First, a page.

• Scott

    In some cases it can be a fight to the death. A person is a large animal, albeit without fangs and claws, but an adult person fighting for their life with a domesticated dog has a pretty good chance of winning the bout. I’ve read that shoving your arm into the dog’s mouth and choking it means you get some serious wounds, but you survive. Bicycle pumps also come in handy. Sorry if this was too gruesome for some.

  • Paul Aydelott

    It’s all in the timing. If you get your timing right, you’ll bark a millisecond before the aggressive dog. That confuses them to no end. Dogs do it too.
    An Aussie I had was always frightened by an German Shepherd on our daily walk. One day she figured out her timing and got the jump on the shepherd; he became intimidated with her aggressiveness. From that day forward she looked forward to going by that house so she could do it again–even after the family had moved for over a year.

  • Northern Lights

    I have had many pass-by encounters where I was able to outride a pursuing aggressive dog, but I have had two encounters where it was obvious I could not. My tactic was to yell, dismount and use my bike as a “weapon” to fend them off. I would rather face off with a dog than get bitten on the leg or knocked off my bike. Both encounters were with Rottweilers, and one involved two dogs. I was successful, in part because I was able to fend off the dogs while inching past their perceived territory for a long enough time that they gave up. Both times I had to thrust my bike, tires first at the dogs holding onto the handlebars with one hand and the seat with the other. With the two dog encounter I had to sweep my bike around to avoid one of the dogs circling behind me. Not pleasant experiences but it worked.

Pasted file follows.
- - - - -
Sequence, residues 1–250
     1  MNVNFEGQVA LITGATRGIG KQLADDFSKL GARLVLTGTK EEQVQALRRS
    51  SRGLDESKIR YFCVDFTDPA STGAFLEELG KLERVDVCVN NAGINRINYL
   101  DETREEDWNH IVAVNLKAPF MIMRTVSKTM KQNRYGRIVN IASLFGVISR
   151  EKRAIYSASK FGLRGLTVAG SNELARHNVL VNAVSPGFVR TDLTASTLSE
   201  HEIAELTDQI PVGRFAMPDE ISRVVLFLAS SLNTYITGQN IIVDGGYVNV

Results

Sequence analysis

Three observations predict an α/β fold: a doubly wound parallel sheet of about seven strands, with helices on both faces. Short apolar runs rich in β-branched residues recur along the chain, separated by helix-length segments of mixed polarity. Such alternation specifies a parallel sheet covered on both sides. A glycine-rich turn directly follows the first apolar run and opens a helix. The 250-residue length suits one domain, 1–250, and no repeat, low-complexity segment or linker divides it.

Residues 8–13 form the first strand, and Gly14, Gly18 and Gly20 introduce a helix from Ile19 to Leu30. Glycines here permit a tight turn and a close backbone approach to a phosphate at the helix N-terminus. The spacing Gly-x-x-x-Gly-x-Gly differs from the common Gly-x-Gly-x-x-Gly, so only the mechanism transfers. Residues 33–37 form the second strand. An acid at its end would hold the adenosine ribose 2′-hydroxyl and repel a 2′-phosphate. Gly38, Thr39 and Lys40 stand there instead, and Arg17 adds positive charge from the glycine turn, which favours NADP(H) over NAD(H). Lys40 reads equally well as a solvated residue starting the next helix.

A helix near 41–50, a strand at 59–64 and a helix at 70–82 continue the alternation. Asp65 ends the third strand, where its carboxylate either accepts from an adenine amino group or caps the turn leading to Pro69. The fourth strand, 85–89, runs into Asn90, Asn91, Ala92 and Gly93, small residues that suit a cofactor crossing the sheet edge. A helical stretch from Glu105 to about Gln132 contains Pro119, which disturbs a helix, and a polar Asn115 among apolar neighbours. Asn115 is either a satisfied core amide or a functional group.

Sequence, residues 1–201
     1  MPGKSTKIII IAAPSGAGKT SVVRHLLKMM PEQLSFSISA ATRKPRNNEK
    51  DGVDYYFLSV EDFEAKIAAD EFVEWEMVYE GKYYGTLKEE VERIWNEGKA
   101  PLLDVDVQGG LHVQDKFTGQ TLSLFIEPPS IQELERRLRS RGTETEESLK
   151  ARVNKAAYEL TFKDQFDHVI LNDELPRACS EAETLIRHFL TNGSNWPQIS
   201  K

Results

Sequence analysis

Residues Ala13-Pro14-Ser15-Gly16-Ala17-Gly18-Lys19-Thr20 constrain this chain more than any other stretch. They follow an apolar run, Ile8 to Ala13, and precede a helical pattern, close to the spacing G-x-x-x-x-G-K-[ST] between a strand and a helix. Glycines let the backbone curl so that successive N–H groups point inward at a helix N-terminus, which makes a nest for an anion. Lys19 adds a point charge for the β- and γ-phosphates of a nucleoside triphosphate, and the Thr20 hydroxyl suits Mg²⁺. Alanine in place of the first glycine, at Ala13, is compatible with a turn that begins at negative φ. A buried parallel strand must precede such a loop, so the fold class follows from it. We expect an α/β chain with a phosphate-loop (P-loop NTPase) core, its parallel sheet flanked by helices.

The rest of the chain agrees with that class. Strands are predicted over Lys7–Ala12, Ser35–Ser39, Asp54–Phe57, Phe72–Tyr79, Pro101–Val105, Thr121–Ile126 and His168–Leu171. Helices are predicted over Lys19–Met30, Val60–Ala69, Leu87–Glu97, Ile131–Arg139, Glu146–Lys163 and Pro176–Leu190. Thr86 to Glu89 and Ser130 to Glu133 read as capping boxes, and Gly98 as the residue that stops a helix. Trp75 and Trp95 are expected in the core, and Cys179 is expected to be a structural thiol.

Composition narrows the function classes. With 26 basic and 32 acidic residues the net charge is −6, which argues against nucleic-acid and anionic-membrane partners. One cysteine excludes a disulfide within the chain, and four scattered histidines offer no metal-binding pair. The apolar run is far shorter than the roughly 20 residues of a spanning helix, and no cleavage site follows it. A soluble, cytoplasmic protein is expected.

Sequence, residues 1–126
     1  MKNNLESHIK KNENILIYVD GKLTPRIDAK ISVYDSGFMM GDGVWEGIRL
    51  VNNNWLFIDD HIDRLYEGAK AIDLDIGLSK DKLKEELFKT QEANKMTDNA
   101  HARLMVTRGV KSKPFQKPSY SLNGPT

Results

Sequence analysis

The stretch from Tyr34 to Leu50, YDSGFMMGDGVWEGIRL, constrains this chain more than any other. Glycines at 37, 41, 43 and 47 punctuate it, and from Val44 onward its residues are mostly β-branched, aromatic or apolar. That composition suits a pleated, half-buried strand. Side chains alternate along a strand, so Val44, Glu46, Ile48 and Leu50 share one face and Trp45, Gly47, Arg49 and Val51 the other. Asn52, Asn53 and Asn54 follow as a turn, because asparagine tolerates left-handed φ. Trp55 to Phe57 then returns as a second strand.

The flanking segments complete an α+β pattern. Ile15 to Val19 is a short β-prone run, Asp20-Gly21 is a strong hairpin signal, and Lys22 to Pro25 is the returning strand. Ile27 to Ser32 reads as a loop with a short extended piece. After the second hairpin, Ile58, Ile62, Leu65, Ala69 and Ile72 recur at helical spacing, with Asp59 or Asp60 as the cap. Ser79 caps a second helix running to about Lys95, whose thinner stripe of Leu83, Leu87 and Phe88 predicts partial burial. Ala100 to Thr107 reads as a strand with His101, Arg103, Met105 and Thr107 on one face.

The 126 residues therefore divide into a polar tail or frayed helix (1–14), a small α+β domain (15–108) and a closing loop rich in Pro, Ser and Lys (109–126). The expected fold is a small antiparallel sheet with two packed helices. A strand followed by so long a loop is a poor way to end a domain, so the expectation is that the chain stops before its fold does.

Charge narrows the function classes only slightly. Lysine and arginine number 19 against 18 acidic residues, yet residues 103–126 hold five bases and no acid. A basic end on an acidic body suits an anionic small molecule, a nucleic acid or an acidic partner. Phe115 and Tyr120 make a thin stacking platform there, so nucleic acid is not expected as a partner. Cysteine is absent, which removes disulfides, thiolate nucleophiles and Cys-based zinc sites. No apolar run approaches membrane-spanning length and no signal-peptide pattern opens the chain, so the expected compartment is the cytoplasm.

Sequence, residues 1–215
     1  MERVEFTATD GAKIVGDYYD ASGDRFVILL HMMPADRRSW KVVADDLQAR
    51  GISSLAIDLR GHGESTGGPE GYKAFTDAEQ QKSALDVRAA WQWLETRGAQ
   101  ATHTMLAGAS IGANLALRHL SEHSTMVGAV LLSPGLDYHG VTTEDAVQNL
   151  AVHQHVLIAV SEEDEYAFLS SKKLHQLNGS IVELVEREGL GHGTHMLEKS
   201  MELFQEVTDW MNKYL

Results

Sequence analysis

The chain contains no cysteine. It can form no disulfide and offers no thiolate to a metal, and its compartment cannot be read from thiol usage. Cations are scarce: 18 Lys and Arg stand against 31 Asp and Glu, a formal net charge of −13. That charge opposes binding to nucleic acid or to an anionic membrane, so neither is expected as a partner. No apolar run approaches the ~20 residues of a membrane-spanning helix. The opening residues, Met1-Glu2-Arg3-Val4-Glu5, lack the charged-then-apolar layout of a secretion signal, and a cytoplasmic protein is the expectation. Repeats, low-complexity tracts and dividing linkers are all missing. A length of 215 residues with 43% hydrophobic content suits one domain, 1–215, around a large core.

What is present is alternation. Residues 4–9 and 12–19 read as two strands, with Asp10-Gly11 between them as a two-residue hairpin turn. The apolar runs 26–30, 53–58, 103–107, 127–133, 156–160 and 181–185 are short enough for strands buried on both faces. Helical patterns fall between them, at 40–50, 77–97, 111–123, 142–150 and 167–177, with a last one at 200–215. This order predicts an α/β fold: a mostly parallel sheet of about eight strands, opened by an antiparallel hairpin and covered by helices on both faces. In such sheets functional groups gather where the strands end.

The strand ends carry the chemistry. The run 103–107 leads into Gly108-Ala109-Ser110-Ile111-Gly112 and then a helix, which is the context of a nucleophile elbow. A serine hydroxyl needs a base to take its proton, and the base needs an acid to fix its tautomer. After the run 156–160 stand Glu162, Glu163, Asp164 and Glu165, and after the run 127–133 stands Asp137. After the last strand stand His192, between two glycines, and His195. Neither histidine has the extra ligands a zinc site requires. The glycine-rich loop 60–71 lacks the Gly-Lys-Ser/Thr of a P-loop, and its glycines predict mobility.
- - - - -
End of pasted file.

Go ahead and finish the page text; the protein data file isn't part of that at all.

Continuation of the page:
• Dushan

    Not sure if it’s true, but I heard that a dog that really intend to attack will be silent while running at you. When he barks, he’s in a “domination mode”, not a “combat mode”. Any thoughts on that ?

  • Rick in NH